Bonus? This chart is awesome for kids, too. It’s like a game, the challenge of getting one in every color by the end of the day! Even better when they get to pick and choose from the list what it is they like to eat. Involvement never hurt ’em.

I find that starting my day with a fruit smoothie not only guarantees that I consume a whole lotta colors right off the bat, but it also gives me that extra humpf of energy. Plus they’re delicious.

And now you’re ready, my little grasshopper, to take charge of your beautiful body and treat it like it deserves. Go on and make me proud.


My body pulled a Natalie Portman


And I don’t mean I woke up one morning looking like she did in Black Swan.

In fact, quite the opposite, you know, considering I’m pregnant.

I am! But I hadn’t written about it because I know it can be an awkward subject since every knocked up woman in the history of the world has felt her pregnancy is the most. important. thing. and of course to her it is, but so many others around her are going eh. Can’t blame them (or you, if that’s your case) because the baby baking isn’t everyone’s cup of tea.

But now that we got the (potential) awkwardness out of the way let’s tackle today’s class, which I have lovingly titled Dear body, seriously WTF.

I love questioning myth vs. fact, old wives’ tale vs. scientific evidence, what is vs. what isn’t, and no other moment in life offers more of these comparisons than pregnancy. Oy. We’ve heard it all: tie a red ribbon to your shirt for protection! Wear this little medal of St. Whoever’s-in-charge-of-pregnant-ladies so that everything turns out fine! (at least if you grew up Catholic like I did), don’t stare at the moon or the baby will be hairy (ok I may have made that one up)… you get the hint.

But along with the myths are a myriad of facts: it’s a fact that the body will change; for some women the changes are precipitous and obvious, while for others they’re imperceptible and almost only internal– but they’re there.

It is also a fact that during pregnancy the body produces all sorts of hormones and baby forming ingredients. However, this fact comes hand in hand with a shitload! of myths. It is a myth that you have to puke. It is a myth that you have to end up with the emotional stability of a ravenous murderer. It is a myth that your hair has to fall out or your skin has to break. While all of these are possibilities, there are many different variables that will determine what, in the end, will be our own personal outcomes, symptoms and effects.

With this in mind I was pretty determined to not be a textbook pregnant. I decided I was fine without morning sickness and that the change in shape of my body would be gradual and slow. Awesome, right? I was like, bitch, I got this.

But then something happened that I wasn’t expecting. The body reveled. The body was like dude, fuck this shit. Surprised and in shocked awe, all I did was sit back and observe it happen.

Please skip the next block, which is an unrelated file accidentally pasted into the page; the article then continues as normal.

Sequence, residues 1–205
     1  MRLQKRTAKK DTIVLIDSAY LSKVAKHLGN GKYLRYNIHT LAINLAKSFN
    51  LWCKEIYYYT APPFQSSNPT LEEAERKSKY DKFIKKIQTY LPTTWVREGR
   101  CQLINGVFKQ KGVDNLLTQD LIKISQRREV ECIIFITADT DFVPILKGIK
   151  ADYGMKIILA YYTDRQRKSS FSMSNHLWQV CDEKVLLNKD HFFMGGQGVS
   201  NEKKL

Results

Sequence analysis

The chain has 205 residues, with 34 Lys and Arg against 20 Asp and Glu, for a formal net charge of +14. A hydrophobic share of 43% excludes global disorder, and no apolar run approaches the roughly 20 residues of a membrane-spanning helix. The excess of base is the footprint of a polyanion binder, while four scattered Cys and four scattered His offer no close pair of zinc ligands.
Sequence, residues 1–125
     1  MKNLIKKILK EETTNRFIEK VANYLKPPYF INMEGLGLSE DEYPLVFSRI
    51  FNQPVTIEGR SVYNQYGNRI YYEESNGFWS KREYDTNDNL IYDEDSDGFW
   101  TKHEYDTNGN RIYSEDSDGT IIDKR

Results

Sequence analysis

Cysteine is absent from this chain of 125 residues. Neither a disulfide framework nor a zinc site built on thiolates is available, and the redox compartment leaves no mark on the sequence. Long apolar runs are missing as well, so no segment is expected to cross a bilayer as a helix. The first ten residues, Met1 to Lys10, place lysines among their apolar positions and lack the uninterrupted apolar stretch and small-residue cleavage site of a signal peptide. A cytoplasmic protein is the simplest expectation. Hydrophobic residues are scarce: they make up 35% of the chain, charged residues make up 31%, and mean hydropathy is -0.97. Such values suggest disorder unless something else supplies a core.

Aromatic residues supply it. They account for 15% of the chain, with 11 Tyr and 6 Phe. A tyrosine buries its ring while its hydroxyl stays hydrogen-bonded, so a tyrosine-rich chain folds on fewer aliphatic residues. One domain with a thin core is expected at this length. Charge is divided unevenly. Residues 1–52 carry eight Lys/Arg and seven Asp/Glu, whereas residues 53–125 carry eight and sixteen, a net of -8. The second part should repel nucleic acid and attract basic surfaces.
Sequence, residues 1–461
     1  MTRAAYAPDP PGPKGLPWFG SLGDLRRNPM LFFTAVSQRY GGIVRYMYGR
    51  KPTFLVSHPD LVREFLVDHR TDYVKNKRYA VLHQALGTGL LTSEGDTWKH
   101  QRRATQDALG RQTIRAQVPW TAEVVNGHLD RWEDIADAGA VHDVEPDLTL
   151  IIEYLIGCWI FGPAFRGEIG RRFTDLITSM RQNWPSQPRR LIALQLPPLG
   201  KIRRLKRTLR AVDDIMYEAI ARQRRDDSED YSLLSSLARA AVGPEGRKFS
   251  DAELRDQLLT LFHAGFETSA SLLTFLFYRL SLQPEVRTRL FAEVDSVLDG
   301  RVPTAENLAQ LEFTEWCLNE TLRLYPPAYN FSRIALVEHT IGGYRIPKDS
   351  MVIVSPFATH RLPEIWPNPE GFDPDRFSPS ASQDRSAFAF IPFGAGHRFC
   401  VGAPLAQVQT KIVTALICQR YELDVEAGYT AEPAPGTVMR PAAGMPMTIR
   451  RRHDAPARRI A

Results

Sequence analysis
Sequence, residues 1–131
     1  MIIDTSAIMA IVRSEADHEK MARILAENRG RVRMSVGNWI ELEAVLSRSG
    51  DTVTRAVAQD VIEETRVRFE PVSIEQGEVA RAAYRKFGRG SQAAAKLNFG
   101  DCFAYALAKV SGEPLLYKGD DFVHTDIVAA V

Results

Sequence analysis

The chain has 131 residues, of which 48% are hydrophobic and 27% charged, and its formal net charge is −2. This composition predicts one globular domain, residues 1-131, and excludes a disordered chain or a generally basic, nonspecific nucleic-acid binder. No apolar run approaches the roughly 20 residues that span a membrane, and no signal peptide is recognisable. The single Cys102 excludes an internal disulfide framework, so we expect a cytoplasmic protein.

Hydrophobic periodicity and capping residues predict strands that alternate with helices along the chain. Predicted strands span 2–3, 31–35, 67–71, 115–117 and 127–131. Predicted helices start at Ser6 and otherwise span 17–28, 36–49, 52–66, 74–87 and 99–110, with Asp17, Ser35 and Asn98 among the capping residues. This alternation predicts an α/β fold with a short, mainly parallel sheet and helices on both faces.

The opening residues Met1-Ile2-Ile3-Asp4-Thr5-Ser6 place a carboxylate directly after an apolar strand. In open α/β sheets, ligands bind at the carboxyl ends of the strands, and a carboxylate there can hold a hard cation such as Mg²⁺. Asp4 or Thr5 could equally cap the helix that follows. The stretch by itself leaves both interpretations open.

It all began with a salad. I love salads! For a few weeks out of my first trimester though, my body was having none of that. I could have slapped whoever dared offer me spinach. RAGE. Also my beloved fruit smoothies: Just opening the freezer and seeing the bags of fruit made me want to go she-hulk on someone’s ass. It was awful.

But the worst came after: I was all, get me fucking fried chicken NOW or prepare to DIE. Is this embarrassing to admit? Absolutely. Did it ground me down from any shadow of a holier than thou attitude I may have been flaunting? Hell yes.

Everyone and their pet fish will have a theory of why this sort of thing happens: The regular meat eater will use it as obvious evidence that the body needs meat and will feel vindicated. The militant activist will point fingers and blame a faulty will power and lack of commitment. One opinion or another, it doesn’t really matter; this personal case of mine is for me to understand and learn from, and boy, did I ever!

And this is the story of how Natalie Portman and I are twinsies: From a life of predominantly vegan eating, to a pregnancy where the body says fuck all and takes a different direction. It’s ironic, too, because I’m willing to bet that Portman, much like myself, really desired to eat only the healthiest, purest and most peaceful food during a time in which what we eat matters most. Has the occasional cheese and burger turned me into an awful, unworthy mother? Well, I believe that if there’s anything that poisons the body more than unhealthy food that would be guilt, so I’ve chosen to free myself in this one.

What about you, any psycho swings experienced during your/your partner’s pregnancy? OR AM I THE ONLY ONE.

If you think I’m a mean workout machine, you’ll be sorely disappointed.


I’m certainly not one of those who’s always all OMG RUN YEAAAH or I CAN’T WAIT TO GET TO THE GYM. No. I procrastinate, I look for excuses, I work trade-offs with myself in my head. I’m a pretty regular human being most of the time.